“This project presents an annotated copy of Matthew Paris’s c. 1250 map of Britain (BL Cotton MS Claudius D VI), made using Omeka’s Neatline extension.”
The annotated map is clickable with annotations that include text, images from medieval manuscripts, and sometimes modern photographs of locations depicted in Paris’s maps.
This project presents a bibliography, discussion, and links to a variety of digitized medieval maps representing maps of a number of styles and from various parts of the world.
Ongoing collection of texts (primary and secondary, in original and translation) and images of art and architecture related to religious women in medieval Europe.
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Searchable annotated bibliography of over 5000 modern print and online editions of medieval primary sources, intended for a broad audience including high school and college level instructors as well as more advanced scholars or enthusiasts.
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Provides a digital reconstruction of the 9th-century libraries of the monasteries of Reichenau and St. Gall, including manuscript images, codicological descriptions bibliography, and virtual exhibitions of selections from the library. Also includes a high-resolution image of the Plan of St. Gall (Codex Sangallensis 1092) a detailed plan of the monastery complex, along with a modern diagram and a number of modern 2D and 3D models. [note: this site is no longer updated and has been archived]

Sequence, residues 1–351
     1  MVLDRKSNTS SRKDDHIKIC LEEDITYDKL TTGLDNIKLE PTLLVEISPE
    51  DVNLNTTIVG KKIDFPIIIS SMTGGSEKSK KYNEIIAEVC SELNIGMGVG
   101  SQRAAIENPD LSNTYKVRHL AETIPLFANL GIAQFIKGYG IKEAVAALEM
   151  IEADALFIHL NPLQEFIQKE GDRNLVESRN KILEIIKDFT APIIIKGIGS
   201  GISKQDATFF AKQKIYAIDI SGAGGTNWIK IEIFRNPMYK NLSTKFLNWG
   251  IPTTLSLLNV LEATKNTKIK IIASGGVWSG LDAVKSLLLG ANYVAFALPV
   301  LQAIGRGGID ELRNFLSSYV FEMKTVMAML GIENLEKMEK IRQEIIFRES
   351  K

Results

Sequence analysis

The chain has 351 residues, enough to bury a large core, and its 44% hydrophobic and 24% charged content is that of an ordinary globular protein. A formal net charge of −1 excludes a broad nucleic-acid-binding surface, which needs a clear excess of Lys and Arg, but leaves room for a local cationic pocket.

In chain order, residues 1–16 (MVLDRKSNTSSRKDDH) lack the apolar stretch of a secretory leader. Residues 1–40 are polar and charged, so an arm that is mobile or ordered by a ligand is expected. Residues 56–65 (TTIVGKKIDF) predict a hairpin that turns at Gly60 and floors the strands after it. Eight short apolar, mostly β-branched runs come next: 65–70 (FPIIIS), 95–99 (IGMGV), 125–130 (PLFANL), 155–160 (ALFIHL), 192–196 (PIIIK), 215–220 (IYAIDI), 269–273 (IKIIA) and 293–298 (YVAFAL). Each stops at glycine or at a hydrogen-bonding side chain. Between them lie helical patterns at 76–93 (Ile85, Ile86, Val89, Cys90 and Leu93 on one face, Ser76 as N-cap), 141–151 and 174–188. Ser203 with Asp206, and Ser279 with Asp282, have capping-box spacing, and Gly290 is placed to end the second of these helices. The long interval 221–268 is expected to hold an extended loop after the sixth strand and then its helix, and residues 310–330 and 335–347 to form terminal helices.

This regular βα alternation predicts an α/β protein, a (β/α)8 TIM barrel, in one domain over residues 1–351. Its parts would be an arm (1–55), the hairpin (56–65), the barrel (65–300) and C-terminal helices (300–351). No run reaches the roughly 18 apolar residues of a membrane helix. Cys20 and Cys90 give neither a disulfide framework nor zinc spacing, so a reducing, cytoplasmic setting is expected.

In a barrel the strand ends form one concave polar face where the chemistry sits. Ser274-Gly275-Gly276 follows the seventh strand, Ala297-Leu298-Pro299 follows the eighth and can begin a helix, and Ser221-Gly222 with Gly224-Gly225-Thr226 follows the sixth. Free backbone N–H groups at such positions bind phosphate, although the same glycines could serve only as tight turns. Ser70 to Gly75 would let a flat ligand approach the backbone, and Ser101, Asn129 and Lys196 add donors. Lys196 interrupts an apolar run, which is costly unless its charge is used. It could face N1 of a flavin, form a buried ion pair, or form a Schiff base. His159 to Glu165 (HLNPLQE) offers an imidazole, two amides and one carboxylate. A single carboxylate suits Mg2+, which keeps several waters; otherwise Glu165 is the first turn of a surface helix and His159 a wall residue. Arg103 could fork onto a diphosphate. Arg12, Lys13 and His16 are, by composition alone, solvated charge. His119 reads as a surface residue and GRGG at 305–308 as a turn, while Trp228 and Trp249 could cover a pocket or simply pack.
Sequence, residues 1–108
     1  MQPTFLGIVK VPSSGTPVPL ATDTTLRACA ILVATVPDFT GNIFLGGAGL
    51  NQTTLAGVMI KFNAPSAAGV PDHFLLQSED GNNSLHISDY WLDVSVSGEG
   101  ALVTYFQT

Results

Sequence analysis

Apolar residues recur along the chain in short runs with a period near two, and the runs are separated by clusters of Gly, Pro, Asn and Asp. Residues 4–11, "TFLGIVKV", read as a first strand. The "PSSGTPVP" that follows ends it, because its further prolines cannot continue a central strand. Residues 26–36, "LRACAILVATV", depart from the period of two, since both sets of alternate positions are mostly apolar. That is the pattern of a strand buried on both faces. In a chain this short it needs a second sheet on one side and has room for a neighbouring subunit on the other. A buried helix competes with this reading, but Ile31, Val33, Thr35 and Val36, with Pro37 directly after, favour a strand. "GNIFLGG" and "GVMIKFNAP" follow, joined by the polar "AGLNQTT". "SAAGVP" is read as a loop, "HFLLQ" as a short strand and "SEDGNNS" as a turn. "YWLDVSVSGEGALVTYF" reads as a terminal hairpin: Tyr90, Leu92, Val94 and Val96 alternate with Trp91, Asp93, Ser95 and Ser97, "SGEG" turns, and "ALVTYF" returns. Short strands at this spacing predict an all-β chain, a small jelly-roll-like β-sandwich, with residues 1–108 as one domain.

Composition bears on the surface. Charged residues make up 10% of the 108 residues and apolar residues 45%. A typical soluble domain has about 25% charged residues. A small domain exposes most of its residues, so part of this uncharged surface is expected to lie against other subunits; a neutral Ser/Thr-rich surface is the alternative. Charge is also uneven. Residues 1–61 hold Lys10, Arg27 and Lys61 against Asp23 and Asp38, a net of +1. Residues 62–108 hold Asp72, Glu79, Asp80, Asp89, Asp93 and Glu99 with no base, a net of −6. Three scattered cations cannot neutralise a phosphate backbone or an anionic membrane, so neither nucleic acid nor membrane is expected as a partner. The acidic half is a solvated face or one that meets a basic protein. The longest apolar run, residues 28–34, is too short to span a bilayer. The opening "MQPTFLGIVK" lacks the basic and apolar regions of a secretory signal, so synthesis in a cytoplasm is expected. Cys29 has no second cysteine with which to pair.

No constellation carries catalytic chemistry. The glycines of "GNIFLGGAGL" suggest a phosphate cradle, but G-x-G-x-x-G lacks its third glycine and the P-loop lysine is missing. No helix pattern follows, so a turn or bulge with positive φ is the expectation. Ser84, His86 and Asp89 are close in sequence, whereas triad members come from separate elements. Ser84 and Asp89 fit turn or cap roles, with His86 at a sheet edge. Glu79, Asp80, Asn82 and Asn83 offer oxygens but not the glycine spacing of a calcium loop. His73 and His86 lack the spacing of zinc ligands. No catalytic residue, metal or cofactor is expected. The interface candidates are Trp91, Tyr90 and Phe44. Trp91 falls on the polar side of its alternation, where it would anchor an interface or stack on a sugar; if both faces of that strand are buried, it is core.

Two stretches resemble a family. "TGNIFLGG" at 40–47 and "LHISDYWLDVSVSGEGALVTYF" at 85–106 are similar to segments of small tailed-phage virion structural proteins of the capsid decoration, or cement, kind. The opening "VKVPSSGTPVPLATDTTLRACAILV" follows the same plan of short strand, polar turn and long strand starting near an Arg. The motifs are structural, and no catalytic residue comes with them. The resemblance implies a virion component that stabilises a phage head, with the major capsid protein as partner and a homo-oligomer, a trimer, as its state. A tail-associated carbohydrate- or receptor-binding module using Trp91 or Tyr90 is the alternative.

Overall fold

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This website gives access to data related to one of Rome’s most important churches: The Basilica of St. Paul’s Outside the Walls, purported to the resting place of one of Christianity’s most influential figures—the apostle Paul. Because the basilica burned tragically in 1823, what exists today is a vast reconstruction that has deliberately retained the footprint and volumes of its predecessor, but it preserves few of the historical artefacts that accrued there over the course of 1,500 years. Such loss has impeded scholars, students, tourists and pilgrims from gaining a more complete understanding of the building’s long history. The aim of this website is to make available some of the primary sources, digital reconstruction models, still-frame images, walk-through videos and interactive virtual reality environments, all of which help to shed light on this monumental structure.
From the creators: As a monument to medieval kingship and a setting for parliamentary government, St Stephen’s Chapel in the Palace of Westminster has helped to shape the political culture of the nation. Funded by the AHRC (2013-17), our project explores the history, art and architecture of the royal chapel which became the first dedicated House of Commons. This website provides access to the 3D visualizations modeled from our research.